ASHBURN, Va. — Ron Rivera receives opinions about players on his team from countless factions. Not that the Washington Commanders’ head coach always seeks or, in some instances, desires feedback. That the sources offering praise on rookie offensive lineman Chris Paul came from others in the trenches grabbed his attention.
“Chris Paul is somebody that’s gonna make a mark,” Rivera said. “I say that because when you talk to some of our veteran defensive linemen, they talk about him as being a guy that can lock you up. And they’ve told me unsolicited … coach, we gotta keep an eye on this kid.”
The Commanders’ scouts watched the guard with tackle experience before the team selected the University of Tulsa alum 230th overall in the 2022 NFL Draft. Washington’s coaches zeroed in on the stout and physical lineman during spring and summer practices.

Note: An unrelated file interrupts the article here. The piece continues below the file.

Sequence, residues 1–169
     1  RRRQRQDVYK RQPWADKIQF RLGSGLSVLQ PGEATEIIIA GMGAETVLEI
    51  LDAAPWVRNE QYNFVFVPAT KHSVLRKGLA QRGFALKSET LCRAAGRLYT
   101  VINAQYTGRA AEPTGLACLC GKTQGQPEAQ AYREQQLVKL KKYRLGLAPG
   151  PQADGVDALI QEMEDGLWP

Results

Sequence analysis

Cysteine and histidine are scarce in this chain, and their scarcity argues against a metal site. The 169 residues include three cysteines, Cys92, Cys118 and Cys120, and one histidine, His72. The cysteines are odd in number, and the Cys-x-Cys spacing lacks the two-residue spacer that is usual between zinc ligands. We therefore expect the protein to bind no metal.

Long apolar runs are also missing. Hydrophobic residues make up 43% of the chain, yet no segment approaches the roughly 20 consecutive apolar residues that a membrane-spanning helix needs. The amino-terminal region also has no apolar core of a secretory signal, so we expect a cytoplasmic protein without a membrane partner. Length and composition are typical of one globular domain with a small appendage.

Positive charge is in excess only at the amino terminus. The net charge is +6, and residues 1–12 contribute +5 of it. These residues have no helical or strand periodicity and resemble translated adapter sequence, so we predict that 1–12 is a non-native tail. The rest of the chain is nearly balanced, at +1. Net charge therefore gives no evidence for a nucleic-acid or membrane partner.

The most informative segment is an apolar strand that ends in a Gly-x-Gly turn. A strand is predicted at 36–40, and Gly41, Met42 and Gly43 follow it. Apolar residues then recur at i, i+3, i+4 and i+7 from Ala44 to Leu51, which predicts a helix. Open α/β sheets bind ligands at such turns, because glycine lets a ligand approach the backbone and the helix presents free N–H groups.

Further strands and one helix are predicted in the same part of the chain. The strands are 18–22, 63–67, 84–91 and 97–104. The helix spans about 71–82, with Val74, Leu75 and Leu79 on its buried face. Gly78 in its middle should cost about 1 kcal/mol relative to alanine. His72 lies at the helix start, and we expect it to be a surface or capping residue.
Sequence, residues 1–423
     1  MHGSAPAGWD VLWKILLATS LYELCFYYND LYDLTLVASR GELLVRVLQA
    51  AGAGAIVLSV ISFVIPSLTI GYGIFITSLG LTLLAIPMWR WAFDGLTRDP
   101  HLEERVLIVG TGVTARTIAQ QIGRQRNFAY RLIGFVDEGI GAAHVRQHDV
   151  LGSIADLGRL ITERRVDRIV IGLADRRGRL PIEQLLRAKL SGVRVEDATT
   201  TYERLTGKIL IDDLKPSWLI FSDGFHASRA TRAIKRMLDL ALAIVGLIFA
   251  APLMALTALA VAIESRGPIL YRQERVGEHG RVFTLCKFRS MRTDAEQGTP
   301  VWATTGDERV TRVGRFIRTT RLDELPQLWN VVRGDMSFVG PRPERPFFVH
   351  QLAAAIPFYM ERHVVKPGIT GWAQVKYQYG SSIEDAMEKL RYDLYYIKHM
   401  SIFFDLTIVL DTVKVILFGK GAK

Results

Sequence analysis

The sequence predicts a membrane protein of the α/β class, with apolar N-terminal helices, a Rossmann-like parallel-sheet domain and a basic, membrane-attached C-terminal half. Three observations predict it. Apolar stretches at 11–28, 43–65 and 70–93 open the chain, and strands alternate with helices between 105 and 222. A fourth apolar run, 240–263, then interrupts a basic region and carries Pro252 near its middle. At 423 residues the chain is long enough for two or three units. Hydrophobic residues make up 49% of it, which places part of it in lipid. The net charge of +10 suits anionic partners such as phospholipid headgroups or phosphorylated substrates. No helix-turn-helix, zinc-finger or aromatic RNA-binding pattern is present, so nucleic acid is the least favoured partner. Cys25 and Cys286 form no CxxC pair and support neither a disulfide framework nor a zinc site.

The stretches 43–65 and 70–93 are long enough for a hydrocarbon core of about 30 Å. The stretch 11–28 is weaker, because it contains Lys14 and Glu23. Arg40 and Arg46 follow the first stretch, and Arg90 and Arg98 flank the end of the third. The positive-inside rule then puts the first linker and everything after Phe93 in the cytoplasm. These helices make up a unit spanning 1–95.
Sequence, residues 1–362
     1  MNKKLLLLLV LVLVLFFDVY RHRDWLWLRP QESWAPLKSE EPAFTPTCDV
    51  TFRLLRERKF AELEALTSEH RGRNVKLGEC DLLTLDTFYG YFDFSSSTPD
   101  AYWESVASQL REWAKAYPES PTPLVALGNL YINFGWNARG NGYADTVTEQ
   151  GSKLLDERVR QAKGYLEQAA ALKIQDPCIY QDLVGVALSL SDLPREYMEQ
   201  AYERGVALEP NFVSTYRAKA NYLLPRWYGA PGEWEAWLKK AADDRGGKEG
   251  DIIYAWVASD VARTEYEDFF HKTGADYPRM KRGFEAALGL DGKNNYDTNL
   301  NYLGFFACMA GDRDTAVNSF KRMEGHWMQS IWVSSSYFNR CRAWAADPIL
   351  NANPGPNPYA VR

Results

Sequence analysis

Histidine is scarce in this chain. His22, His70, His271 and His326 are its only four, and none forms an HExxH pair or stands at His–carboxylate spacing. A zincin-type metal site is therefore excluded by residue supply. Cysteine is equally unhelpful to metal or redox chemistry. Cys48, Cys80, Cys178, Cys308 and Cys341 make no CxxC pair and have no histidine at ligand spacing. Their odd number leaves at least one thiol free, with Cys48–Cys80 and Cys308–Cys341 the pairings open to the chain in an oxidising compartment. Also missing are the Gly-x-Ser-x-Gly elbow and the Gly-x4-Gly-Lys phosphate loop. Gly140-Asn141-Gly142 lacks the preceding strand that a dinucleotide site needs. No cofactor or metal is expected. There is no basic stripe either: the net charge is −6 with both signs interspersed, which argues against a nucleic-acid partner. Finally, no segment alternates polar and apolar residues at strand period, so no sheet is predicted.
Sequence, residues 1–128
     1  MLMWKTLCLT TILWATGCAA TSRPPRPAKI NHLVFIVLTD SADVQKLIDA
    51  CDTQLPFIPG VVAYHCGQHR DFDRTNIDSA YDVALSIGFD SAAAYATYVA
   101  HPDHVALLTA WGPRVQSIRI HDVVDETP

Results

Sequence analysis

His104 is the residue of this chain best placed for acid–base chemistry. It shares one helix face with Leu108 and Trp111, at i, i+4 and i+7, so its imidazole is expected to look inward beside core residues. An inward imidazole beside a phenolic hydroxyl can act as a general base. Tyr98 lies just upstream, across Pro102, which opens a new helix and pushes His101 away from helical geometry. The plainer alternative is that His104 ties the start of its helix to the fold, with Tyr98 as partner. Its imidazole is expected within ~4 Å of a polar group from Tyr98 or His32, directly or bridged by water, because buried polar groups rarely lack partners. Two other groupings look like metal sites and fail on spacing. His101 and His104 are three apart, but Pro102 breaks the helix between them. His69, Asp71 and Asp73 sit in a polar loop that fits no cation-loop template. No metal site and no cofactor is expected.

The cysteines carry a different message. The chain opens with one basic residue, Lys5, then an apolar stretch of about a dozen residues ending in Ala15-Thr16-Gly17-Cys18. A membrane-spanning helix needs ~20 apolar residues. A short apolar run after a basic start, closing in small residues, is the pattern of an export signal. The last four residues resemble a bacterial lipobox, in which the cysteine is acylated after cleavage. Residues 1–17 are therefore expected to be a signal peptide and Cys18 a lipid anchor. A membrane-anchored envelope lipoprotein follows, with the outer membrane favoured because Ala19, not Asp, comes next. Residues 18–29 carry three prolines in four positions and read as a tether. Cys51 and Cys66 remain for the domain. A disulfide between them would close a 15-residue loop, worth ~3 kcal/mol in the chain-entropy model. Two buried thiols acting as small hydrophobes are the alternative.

Teammates get a feel for the 6-foot-4, 324-pounder’s game during practices. For fans and offensive line connoisseurs, the wait continues.
Washington has not pushed the pace with the seventh-round selection who shares a name with a famous NBA point guard. The Commanders are 13 games deep into the regular season, and Paul has yet to make his NFL debut. This is despite interior line injuries and struggles throughout the season.
Future depth is another consideration. Four linemen are 2023 free agents, including starting right guard Trai Turner and key reserve Wes Schweitzer.
Rivera’s unsolicited gushing of Paul in response to a broad question about the 2022 draft class suggests patience over concern. When it comes to his adopted community, the interesting, interested, and musically inclined rookie is already contributing.
The Houston native finds comfort in learning, not simply football Xs and O’s. His veteran teammates certainly aid in the on-field college-to-pros adjustment. In between technique talk, Paul, 24, sought mentorship in real-life basics. “The kind of wisdom you can get with guys who will talk to you about anything,” said the three-year college starter.